I am sad to say that this was provided by the previous Caruana government, which I did not like. But I do like the sign for Southport Ditch much better than the Gibraltarpedia one. Why are there no old pictures on the boring Gibpedia one? There are on the Gibpedia website, as I have reproduced them above. There is also a 16th century sketch on the St Jago’s Arch webpage which would have been a nice addition too (not that you can see much of the hermitage) but it is an interesting pic. Oh very well, here it is:

Drawing by Anthonis van den Wijngaerde from 1567.  The hermitage is labelled 'E'

Drawing by Anthonis van den Wijngaerde from 1567. The hermitage is labelled ‘E’. This one is in the Ashmolean (Oxford), and again courtesy of Wiki Commons

And the juxtaposition? Well, obviously the 16th century hermitage doorway, in what later became St Jago’s barracks after the Anglo-Dutch force took Gibraltar, and is now the tax office. Hence the money collecters in the temple title, derived from the biblical story about money changers in the temple.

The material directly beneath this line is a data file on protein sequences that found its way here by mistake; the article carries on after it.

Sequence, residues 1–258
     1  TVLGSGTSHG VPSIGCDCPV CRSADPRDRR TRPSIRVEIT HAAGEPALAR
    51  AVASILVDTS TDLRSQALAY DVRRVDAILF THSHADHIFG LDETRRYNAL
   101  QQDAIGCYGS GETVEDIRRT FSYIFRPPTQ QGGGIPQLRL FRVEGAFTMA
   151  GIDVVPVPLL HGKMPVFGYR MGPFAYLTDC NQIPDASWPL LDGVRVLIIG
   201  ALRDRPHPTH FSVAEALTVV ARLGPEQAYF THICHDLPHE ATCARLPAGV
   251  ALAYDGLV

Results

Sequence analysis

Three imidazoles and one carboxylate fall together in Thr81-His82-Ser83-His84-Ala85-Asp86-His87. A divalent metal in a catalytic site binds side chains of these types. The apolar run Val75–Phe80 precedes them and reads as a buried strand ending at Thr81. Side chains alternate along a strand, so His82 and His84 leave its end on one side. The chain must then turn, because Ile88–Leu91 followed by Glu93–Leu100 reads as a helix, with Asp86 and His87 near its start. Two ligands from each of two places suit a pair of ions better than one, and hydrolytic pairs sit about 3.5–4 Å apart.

And the second juxtaposition is the concept of old technology (ie masonry/construction) and religion and new technology (smartphones) and new religion (our worshipping of all things internet). Gibraltarpedia, like Monmouthpedia, uses QR codes, so that people can scan in a code to their smartphones and look up information about places in Gib. Although I don’t see any QR codes on the Gibpedia sign. Ooops – ETA, I clearly don’t know what a QR code looks like, those funny mosaic symbols are QR codes. Might be helpful to add that to your crappy signs, ie telling people how to use them.